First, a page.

teracotta rajasthan

Terracotta work in rajasthan

What makes Rajasthan Terracotta idols special?
Terracotta is one of the oldest art forms known to human civilization. The terracotta craft is widespread in Rajasthan since the time of Indus Valley Civilization. Starting utensils for cooking to storage of water to decorative Terracotta pieces Rajasthan is famous for its extraordinary style.
The terracotta industry was established in Rajasamand district and since then the district has witnessed the development of it. Primarily the terracotta art form indulges in making the idols of gods and goddesses. These eco-friendly idols are hollow from inside. Moreover, the hollow design prevents crack formation and helps in reducing clay requirement.
The Beginning
The terracotta art form is 1500-1700 years old. In ancient times, every village had a number of potters who specialized in the terracotta art. This artwork was introduced to the world by Persian ruler Chengiz Khan after his invasion of China in 1212 AD. The terracotta art has developed a lot in last few years and has maintained its popularity over other arts. The people residing in the villages prefer to cook food in terracotta vessels over steel vessels. It is believed that terracotta vessels add to the deliciousness of the food.
Terracotta manufacturing process
Terracotta objects are made by Maru Potters of Molela village near Udaipur city. One of the most famous terracotta items is plaques. The plaques depict images of the ceremony or stories of Ramayana and Mahabharata and mainly focus on tribal customs. The plaques are known for their light weightiness and skillful molding.
Some temple in Rajasthan and Madhya Pradesh change the idols every year and thus approaches to Molela for a new terracotta idol.
The potters use local whole grained clay containing alumina, silica and some other alkaline materials like lime. This whole grained clay is mixed with sand and kneaded to form a dough. Kneading make the dough flexible. For manufacturing idols, a slab is made in the form of the dome-shaped upper part, and the edges are lifted above to form a rim. The idols are placed in the center of the slab, and they should be made hollow so that it is less in weight and thus enables easy shifting of idols. By performing this technique, it is ensured that the idol doesn’t crack or burst in the blast furnace. After the idols are prepared, they are decorated with small clay beads.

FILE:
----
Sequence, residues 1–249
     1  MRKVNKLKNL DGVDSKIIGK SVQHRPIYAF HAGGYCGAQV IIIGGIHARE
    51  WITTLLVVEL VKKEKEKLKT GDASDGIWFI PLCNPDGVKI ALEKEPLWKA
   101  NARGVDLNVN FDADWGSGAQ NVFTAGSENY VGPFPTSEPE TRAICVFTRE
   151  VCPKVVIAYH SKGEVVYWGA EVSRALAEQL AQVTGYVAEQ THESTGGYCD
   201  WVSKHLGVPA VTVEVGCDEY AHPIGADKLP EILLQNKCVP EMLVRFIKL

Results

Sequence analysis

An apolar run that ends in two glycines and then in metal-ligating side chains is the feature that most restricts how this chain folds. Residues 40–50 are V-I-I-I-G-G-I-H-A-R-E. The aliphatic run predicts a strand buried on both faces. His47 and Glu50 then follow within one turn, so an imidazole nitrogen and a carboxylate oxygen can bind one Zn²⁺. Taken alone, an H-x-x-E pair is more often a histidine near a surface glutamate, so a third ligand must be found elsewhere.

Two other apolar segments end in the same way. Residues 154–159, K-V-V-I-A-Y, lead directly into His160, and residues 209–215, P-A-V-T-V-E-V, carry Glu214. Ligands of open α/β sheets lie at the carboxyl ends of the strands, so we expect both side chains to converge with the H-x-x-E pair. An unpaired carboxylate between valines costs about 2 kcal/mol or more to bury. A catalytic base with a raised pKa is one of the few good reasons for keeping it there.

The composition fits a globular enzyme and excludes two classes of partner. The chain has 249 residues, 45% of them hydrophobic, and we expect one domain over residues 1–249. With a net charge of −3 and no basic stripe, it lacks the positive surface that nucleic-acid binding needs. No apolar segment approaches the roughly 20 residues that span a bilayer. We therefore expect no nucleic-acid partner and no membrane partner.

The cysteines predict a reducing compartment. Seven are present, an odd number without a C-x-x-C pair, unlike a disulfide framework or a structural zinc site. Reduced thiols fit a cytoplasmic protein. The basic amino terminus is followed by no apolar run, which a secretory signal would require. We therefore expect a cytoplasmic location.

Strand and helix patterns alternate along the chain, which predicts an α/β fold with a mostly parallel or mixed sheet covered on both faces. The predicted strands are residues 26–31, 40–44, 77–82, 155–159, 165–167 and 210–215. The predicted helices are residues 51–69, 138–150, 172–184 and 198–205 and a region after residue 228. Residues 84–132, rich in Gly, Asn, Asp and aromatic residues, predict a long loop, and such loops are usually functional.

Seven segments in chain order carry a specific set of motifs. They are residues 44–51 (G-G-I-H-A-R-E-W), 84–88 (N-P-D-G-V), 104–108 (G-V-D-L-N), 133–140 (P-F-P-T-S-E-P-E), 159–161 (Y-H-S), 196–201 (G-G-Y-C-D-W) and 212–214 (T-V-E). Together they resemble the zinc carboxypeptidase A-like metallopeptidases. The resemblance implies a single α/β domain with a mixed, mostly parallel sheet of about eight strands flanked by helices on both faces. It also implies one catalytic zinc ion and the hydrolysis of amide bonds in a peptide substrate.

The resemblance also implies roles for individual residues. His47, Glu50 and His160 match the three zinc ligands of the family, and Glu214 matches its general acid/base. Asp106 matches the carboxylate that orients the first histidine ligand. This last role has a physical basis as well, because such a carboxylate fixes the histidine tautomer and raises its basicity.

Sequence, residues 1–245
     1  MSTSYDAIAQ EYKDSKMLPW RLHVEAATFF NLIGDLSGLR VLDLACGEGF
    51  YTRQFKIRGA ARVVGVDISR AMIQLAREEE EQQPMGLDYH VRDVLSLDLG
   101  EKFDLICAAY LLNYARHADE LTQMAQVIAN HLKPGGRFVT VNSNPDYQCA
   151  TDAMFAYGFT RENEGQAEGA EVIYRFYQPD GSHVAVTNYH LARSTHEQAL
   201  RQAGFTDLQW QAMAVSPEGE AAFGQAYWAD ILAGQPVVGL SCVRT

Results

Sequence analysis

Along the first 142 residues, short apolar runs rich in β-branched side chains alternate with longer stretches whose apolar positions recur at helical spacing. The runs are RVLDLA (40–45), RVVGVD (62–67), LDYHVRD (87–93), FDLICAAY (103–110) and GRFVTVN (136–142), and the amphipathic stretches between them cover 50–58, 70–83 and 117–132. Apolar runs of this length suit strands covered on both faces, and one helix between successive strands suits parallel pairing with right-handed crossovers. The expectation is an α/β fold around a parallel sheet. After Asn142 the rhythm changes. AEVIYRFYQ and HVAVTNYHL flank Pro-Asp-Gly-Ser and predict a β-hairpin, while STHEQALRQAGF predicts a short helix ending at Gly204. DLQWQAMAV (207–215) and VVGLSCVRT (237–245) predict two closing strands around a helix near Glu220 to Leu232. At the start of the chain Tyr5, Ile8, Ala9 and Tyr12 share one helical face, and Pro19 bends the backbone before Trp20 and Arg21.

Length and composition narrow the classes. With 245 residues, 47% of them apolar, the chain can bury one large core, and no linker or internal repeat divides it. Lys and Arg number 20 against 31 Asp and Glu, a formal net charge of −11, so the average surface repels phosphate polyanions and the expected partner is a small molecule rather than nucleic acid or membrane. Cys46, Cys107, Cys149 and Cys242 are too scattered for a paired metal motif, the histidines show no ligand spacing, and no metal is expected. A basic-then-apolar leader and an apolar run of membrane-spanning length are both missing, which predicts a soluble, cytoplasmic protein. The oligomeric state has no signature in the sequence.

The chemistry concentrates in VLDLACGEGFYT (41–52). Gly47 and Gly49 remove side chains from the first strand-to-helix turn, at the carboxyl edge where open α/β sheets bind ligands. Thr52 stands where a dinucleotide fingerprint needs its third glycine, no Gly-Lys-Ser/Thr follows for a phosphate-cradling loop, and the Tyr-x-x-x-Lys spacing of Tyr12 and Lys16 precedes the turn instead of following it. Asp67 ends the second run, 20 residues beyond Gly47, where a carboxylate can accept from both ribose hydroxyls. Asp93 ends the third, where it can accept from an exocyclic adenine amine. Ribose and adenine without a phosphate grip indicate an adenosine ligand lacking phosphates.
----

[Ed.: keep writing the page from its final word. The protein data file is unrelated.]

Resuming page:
In the nut shell, the terracotta idols are manufactured by performing basic procedures like pinching, rolling, squeezing of clay and pressing.
With the completion of the idol, it is painted with natural or mineral colours. The finishing is provided by coating local lacquer. The kumhars (potters) of Molela village say that the idols manufactured from red clay are considered special in the market. The red clay terracotta artwork is special because it has better sturdiness than other clay terracotta art.
As per the Hindu calendar in Magh month (between January and February) tribal people arrive at Molela village and buy the idols of their deities like Ganesha, Durga, Kali, etc.
Not only the idols of deities, but terracotta utensils are also famous and used extensively. For manufacturing utensils, a clay lump is placed on the rotating potter wheel and turned till the wheel gets momentum. The wheel rotates and the potter works on shaping the clay lump. Then the shaped substance is kept in the sunlight for a few days to dry naturally and later on heated in a furnace to provide strength. Terracotta pots are used in cities and village to store water, it helps keep water cool unaffected by Rajasthan’s summer heat.
Besides Molela terracotta craft is performed in Pokhran, Nohar centre in Bikaner, Jalore and Ahore district. The pottery in Pokhran is characterized by Geometrical etchings in traditional Rajasthan style.
The terracotta artworks are praised worldwide, and are exported throughout the world.

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